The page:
But even my virtualCPE and realCPE abstractions have value over the alternative, which is to define the services all the way from top to bottom, to the deployment level.  If I have a pair of abstractions I will have to reflect the decision on which to use into the service orchestration process, but the details of how it’s done will stay hidden.  I can provision different CPE, deploy on different virtual platforms, without changing the service.  That means that changes in real devices or virtual infrastructure are hidden from the service orchestration process.  If I don’t have those abstractions then any change in what I need to do to deploy (other than simple parameter changes) would have to be propagated up to the service definition, which means the change would change all my service order templates.  No agility there, folks.

The point here is that an agile service has to be agile through the whole lifecycle or it’s not really agile at all.  I cannot achieve that universality without following the same principles that software architects have learned to follow in today’s service-driven world.

If you map this to the current ETSI work and to other NFV activities you see that it means that things like OpenStack are not enough.  They can (and will) be used to decode what to do to deploy “virtualCPE”, but I still have to decompose my service into requests for realCPE and virtualCPE somewhere.  Further, if I decide to get smart and abstract two things that are functionally identical into “CPE”, I have created a level of decomposition that’s outside what OpenStack is designed to do.  Could or should I shoehorn or conflate the functionality?  I think not.

Network resources, technologies, and vendors create a pool of hardware and software—functionality-in-waiting we might say.  An operator might elect to harness some of this functionality for use by services.  If they don’t then service definitions will have to dive down to hardware detail, and that creates a service structure that will be a long way from agile, and will also be exceptionally “brittle”, meaning subject to changes based on nitty-gritty implementation details below.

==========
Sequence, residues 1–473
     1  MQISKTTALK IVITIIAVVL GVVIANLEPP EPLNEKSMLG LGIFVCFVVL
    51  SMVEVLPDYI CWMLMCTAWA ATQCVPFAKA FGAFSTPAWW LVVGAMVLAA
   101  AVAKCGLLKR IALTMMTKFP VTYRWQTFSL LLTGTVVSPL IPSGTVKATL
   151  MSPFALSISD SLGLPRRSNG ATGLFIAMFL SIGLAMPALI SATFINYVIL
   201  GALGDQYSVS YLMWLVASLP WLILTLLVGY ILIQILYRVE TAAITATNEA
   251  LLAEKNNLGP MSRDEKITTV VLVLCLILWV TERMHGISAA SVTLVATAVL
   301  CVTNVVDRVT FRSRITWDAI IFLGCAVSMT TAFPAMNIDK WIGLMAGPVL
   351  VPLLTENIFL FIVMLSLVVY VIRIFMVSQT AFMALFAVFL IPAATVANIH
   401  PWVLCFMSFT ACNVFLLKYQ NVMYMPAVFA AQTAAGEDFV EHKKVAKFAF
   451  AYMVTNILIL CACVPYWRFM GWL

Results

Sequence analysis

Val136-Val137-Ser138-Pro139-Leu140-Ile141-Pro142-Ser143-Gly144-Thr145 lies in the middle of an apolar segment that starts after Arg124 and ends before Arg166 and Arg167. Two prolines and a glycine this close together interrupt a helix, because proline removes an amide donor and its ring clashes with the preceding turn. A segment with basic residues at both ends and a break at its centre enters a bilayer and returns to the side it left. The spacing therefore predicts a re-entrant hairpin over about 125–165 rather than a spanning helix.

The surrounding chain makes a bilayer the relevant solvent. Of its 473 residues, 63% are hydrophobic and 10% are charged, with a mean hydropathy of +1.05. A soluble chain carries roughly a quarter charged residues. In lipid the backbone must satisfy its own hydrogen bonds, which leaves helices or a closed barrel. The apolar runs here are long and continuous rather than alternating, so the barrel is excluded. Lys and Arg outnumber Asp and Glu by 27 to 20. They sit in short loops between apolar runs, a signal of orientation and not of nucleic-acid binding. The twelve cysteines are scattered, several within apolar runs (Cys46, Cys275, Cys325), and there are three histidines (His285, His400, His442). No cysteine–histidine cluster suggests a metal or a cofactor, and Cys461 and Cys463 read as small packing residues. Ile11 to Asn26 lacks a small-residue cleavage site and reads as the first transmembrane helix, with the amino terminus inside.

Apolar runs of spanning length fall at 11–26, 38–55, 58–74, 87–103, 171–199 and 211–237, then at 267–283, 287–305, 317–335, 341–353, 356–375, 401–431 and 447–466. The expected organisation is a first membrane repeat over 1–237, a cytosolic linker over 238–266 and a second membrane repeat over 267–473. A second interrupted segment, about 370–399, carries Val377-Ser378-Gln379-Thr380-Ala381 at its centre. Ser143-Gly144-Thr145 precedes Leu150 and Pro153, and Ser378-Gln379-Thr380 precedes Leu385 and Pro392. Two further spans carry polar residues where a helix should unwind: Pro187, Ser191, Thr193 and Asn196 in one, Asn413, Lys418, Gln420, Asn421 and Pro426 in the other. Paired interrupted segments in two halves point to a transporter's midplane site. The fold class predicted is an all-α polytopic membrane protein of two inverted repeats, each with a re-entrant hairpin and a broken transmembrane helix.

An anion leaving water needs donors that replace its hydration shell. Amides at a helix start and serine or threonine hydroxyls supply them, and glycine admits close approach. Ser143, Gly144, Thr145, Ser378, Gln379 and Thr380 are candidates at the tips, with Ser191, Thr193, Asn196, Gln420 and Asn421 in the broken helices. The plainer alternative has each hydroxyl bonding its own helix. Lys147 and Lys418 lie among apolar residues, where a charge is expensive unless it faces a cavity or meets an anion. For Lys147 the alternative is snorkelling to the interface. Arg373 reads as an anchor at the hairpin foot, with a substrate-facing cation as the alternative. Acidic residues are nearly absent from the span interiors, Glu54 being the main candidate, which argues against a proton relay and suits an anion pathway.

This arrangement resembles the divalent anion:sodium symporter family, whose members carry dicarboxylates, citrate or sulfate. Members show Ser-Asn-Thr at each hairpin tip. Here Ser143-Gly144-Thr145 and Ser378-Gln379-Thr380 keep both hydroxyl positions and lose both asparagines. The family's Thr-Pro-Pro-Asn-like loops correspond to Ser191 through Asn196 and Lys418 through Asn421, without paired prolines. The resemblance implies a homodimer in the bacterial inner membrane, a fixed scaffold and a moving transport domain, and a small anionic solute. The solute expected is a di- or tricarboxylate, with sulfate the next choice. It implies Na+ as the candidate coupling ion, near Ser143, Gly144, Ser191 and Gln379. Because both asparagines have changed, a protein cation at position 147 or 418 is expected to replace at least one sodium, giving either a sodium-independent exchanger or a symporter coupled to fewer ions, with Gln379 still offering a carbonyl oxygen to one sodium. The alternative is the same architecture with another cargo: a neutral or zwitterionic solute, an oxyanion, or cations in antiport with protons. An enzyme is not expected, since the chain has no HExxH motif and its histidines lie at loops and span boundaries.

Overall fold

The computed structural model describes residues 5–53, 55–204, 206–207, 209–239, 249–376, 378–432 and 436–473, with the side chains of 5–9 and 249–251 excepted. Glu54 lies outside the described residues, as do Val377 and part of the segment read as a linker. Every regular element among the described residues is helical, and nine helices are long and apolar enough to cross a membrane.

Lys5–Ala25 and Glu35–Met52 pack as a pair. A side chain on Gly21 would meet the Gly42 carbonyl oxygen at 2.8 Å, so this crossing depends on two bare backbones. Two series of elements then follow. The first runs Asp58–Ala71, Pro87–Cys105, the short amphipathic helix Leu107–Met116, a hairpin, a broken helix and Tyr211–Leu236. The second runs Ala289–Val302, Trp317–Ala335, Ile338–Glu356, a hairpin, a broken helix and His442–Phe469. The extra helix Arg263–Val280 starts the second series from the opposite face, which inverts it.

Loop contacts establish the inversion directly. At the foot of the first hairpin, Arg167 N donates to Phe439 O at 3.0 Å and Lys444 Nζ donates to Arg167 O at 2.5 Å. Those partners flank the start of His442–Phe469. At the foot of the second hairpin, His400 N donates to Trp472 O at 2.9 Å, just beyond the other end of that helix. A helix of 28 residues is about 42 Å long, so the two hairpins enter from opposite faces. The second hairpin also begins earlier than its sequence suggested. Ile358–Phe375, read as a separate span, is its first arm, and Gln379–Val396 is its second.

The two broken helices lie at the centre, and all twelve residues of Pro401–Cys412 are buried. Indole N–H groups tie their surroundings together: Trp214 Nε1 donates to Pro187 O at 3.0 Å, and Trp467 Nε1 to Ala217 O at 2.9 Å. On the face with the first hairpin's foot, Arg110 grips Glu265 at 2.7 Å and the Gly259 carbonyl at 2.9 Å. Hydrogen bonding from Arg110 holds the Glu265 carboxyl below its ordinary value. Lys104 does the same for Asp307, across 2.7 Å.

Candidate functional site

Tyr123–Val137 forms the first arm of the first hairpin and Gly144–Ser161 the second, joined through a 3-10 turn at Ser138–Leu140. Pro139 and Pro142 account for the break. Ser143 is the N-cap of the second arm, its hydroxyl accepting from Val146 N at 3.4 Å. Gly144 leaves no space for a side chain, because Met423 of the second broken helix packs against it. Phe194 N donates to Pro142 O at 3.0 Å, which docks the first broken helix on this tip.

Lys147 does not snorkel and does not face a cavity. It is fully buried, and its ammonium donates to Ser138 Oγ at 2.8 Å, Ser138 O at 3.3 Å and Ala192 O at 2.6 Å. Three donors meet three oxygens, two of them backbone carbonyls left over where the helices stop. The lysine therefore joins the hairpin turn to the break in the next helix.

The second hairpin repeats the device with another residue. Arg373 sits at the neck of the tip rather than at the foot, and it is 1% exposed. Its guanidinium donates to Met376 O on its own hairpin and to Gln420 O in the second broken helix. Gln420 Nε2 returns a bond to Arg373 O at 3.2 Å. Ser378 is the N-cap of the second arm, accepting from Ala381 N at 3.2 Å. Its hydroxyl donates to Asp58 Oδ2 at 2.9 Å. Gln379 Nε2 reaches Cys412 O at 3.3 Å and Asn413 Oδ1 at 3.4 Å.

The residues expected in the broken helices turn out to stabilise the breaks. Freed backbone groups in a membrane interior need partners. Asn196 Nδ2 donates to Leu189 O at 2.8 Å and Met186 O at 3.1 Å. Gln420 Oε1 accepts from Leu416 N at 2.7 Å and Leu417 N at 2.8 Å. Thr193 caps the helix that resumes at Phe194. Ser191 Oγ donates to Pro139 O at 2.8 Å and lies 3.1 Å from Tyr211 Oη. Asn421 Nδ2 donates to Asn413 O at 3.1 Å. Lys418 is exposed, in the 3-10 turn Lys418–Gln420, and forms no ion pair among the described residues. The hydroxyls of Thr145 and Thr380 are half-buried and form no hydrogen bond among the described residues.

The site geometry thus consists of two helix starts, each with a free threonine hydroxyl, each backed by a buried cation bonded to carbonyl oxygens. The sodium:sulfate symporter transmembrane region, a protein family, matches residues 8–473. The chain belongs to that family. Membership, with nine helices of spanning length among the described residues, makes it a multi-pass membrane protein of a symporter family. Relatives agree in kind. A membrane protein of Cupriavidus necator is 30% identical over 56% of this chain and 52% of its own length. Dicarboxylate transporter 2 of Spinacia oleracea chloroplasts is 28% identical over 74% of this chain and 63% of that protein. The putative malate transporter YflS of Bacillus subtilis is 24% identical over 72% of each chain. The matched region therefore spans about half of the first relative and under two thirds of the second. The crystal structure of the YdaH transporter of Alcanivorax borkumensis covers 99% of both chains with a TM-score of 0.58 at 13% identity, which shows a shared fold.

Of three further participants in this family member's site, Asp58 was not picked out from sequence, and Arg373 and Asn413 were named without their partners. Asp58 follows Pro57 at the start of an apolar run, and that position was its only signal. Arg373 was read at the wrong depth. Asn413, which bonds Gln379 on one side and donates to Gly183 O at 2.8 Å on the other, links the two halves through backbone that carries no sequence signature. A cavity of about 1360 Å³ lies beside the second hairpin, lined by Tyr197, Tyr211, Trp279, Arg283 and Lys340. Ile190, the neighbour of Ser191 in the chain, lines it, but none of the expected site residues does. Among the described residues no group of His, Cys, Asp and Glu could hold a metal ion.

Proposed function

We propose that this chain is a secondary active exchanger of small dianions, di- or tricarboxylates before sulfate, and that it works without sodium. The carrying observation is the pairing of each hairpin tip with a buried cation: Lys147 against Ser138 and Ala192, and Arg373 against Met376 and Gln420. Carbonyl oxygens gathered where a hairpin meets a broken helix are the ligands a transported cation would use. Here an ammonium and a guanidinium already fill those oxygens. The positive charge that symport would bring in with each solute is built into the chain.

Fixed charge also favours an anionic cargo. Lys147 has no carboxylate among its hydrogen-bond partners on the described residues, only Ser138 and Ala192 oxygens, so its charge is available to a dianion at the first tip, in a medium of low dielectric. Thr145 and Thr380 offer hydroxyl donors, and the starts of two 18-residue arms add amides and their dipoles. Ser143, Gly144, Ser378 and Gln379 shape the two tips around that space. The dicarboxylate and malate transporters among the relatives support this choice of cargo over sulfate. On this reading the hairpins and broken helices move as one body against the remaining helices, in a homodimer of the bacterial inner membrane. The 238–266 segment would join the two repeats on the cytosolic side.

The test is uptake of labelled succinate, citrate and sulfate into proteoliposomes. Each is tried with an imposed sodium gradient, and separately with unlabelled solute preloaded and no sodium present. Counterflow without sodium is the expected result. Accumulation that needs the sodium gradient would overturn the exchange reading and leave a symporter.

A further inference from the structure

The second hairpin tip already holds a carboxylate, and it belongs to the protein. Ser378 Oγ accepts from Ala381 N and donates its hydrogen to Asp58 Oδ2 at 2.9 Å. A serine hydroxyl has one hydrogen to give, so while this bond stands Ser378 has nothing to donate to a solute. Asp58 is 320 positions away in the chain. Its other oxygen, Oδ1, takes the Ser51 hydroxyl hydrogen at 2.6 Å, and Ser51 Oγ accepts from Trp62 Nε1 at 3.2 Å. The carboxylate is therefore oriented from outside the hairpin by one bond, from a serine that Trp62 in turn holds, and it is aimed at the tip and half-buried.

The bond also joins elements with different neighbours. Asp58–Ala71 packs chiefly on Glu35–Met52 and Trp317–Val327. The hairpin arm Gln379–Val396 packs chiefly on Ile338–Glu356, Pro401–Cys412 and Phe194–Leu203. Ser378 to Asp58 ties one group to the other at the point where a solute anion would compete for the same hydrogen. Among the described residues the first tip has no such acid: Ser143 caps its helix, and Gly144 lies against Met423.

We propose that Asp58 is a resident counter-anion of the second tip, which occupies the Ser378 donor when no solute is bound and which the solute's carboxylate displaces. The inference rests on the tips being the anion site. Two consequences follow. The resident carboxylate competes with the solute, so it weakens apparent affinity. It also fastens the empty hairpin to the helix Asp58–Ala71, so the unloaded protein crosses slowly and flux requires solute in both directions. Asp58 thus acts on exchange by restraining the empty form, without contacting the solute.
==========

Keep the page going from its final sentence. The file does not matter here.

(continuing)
Do we want to have every change in infrastructure obsolete service definitions that reference that infrastructure?  Do we want every service created to do direct provisioning of resources, probably in different ways with different consequences in terms of management properties?  Do we want horizontal scaling or failover to be mediated independently by every service that uses it?  Well, maybe some people do but if that’s the case they’ve kissed service agility goodbye.

And likely operations efficiency as well.  Abstraction of the type I’ve described here also creates consistency, which is the partner of efficiency.  If all “CPE” is deployed and managed based on a common definition, then it’s going to be a lot easier to manage the process, and a lot cheaper.

Next time you talk with a purported NFV provider, ask them to show you the service modeling process from top to bottom.  That exercise will tell you whether the vendor has really thought through NFV and can deliver on the benefits NFV promises.  If they can’t do it, or if their model doesn’t abstract enough, then they’re a science project and not an NFV story.